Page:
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House Burnt Down Day Before Settlement

Discussion in 'Legal Issues' started by RPI, 10th Nov, 2015.

  1. RPI

    RPI Property Lawyer, Town Planner Business Member

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    Client of mine was due to settle on a house today. House Burnt Down the day before.

    Good reminder as to why insurance is important straight away.

    In QLD Standard Form Contracts the risk passes to the Buyer a business day after the Contact Date.

    In the event the dwelling is damaged but habitable then the Buyer still needs to settle.

    In the event that the dwelling is not habitable then there is a statutory provision allowing you to terminate. The important thing to note with that is that you still need to claim on your insurance, it is just that the Seller gets the money, not you. You will need to pay the excess etc.
     
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  2. abbyfresh

    abbyfresh Well-Known Member

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    This is a buyers worst nightmare no doubt. Sifting through such an insurance claim is never going to be easy and fast.
     
  3. D.T.

    D.T. Adelaide Property Manager Business Member

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    eesh :(

    Remember to get your insurance setup guys, straight after contract.
     
  4. Perthguy

    Perthguy Well-Known Member

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    Did they have insurance?
     
  5. RPI

    RPI Property Lawyer, Town Planner Business Member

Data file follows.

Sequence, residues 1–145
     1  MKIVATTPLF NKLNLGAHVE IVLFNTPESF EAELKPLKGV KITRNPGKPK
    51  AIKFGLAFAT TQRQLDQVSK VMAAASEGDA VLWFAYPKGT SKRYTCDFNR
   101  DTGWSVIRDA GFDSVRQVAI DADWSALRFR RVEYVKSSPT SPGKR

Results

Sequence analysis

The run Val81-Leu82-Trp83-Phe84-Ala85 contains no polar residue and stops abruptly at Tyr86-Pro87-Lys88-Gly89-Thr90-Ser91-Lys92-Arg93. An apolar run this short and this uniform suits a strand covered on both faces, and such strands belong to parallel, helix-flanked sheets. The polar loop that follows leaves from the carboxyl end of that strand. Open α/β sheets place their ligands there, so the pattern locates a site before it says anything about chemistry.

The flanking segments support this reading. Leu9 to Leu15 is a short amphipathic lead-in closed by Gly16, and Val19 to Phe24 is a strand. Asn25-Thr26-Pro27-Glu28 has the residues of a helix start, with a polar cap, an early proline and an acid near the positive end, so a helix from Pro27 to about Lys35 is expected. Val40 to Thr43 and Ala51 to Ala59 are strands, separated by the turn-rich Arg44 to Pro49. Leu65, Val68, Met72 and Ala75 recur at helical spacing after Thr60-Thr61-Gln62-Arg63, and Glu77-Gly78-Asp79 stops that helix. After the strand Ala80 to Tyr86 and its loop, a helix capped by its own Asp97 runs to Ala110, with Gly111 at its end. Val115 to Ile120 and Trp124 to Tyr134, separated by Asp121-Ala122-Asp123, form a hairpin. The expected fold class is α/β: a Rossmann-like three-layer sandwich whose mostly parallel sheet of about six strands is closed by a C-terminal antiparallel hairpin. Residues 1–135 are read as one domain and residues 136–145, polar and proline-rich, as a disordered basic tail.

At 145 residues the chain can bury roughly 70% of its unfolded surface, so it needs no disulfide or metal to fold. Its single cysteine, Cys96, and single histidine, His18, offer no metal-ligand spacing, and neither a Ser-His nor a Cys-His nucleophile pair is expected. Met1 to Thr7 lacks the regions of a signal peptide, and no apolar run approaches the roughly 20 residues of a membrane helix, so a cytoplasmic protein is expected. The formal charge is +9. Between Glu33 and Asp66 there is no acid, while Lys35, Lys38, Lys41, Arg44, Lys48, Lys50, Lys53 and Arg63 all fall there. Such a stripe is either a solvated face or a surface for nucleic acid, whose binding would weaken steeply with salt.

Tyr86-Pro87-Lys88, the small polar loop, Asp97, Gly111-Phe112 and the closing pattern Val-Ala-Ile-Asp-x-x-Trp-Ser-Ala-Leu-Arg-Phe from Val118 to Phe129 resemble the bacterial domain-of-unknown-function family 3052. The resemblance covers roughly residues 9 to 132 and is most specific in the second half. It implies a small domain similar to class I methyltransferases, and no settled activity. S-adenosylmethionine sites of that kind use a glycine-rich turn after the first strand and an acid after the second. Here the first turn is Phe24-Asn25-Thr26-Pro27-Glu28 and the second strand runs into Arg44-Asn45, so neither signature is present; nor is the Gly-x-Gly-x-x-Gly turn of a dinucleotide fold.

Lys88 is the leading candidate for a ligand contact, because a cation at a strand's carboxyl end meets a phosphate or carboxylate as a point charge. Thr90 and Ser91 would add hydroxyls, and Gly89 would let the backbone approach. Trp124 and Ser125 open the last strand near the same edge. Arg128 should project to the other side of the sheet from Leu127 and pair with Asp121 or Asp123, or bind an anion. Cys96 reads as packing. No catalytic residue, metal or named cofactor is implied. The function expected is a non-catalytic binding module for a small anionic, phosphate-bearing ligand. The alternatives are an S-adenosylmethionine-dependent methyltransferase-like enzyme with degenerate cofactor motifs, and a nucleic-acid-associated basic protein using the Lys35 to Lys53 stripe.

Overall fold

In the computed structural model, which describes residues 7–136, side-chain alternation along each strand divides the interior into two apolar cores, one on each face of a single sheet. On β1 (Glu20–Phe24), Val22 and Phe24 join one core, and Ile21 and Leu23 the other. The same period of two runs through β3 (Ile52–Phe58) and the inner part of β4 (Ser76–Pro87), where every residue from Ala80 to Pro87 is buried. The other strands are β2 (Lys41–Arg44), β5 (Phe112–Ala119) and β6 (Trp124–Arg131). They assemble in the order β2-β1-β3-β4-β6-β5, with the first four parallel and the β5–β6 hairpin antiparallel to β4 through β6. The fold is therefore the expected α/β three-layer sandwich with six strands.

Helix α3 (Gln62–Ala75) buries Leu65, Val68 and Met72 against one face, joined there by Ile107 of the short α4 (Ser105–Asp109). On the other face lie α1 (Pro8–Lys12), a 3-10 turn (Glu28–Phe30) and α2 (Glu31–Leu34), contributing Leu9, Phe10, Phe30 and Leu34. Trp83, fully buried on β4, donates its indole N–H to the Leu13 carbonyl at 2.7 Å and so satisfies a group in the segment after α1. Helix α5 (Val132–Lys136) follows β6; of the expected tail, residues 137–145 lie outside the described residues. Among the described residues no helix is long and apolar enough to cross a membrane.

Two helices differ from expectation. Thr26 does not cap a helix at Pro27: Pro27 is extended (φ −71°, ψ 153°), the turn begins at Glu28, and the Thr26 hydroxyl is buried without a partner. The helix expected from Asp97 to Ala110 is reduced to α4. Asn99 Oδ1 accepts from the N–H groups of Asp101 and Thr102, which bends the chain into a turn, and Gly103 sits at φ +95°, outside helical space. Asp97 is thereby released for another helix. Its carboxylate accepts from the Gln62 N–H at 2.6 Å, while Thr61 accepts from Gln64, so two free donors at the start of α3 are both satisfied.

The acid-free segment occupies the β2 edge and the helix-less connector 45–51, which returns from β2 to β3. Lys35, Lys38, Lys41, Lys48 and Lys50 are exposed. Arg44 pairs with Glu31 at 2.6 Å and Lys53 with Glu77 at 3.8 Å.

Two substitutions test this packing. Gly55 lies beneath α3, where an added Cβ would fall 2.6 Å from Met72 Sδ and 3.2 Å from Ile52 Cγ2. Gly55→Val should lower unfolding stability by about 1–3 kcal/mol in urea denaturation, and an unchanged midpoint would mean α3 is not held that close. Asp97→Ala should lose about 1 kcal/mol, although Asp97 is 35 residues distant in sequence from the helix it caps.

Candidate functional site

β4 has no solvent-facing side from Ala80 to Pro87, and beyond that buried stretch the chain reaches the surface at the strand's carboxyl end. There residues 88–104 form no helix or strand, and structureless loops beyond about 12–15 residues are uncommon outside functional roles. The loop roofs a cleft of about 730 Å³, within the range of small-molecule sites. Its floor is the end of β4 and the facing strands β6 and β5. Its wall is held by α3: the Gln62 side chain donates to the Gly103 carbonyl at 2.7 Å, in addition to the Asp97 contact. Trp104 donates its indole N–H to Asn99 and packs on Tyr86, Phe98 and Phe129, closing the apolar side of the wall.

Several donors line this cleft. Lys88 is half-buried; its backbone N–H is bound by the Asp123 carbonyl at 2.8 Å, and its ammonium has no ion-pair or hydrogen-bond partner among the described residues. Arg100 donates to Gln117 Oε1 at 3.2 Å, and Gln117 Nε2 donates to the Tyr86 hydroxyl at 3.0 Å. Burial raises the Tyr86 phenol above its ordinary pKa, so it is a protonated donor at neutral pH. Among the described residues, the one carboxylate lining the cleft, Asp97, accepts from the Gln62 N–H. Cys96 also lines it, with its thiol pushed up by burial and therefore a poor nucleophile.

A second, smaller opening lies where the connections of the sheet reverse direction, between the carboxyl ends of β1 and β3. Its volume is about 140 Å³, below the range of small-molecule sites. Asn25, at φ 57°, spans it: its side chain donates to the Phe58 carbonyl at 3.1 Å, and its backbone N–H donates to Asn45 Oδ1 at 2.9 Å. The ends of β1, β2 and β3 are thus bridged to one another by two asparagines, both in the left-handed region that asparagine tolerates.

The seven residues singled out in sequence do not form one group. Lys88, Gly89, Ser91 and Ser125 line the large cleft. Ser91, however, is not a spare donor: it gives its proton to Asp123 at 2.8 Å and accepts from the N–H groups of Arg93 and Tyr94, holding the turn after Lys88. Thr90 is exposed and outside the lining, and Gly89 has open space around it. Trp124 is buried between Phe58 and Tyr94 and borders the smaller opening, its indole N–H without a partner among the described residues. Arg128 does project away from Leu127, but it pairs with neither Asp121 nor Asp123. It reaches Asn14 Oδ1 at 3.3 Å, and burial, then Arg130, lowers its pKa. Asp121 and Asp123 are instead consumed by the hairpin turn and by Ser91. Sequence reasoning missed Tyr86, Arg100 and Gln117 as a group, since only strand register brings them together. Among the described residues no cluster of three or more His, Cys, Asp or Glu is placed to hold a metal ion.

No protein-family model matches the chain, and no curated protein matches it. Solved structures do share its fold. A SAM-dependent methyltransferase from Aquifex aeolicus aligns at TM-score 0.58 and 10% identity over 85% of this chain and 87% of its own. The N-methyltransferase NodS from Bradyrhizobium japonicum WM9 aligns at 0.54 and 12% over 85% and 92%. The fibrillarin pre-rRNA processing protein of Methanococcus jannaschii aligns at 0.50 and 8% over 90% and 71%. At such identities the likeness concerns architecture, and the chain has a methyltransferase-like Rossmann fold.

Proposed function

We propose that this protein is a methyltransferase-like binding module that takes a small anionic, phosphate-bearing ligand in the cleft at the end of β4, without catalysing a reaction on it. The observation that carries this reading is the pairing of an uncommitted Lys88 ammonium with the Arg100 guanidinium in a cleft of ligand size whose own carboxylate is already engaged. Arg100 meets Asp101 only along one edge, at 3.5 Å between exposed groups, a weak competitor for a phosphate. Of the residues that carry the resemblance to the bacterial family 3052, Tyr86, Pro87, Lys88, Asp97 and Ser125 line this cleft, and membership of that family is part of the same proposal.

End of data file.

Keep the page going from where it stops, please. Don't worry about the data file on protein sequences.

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    Yes sure did
     
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  6. larrylarry

    larrylarry Well-Known Member

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    so would you get insurance when the contract goes unconditional or days before settlement? this is pretty freaky.
     
  7. Xenia

    Xenia Adelaide Property Manager Business Member

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    We advise our purchasers to take out house insurance just after cooling off period as a precaution and I guess this here is the precaution.
     
    Last edited: 10th Nov, 2015
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  8. Marg4000

    Marg4000 Well-Known Member

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    Read the first post. You need it as soon as you sign the contract.
    Marg
     
  9. larrylarry

    larrylarry Well-Known Member

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    Thanks. I missed that bit. I panicked when i see the words "house burnt down". @Xenia yes, i agree.
     
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  10. Bran

    Bran Well-Known Member

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  11. Kangaroo

    Kangaroo Well-Known Member

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    How about a townhouse or strata titled unit ? Do I need to contact anyone to change the building insurance to my name ? Just got a TH but not settled yet. Fingers crossed !
     
  12. Scott No Mates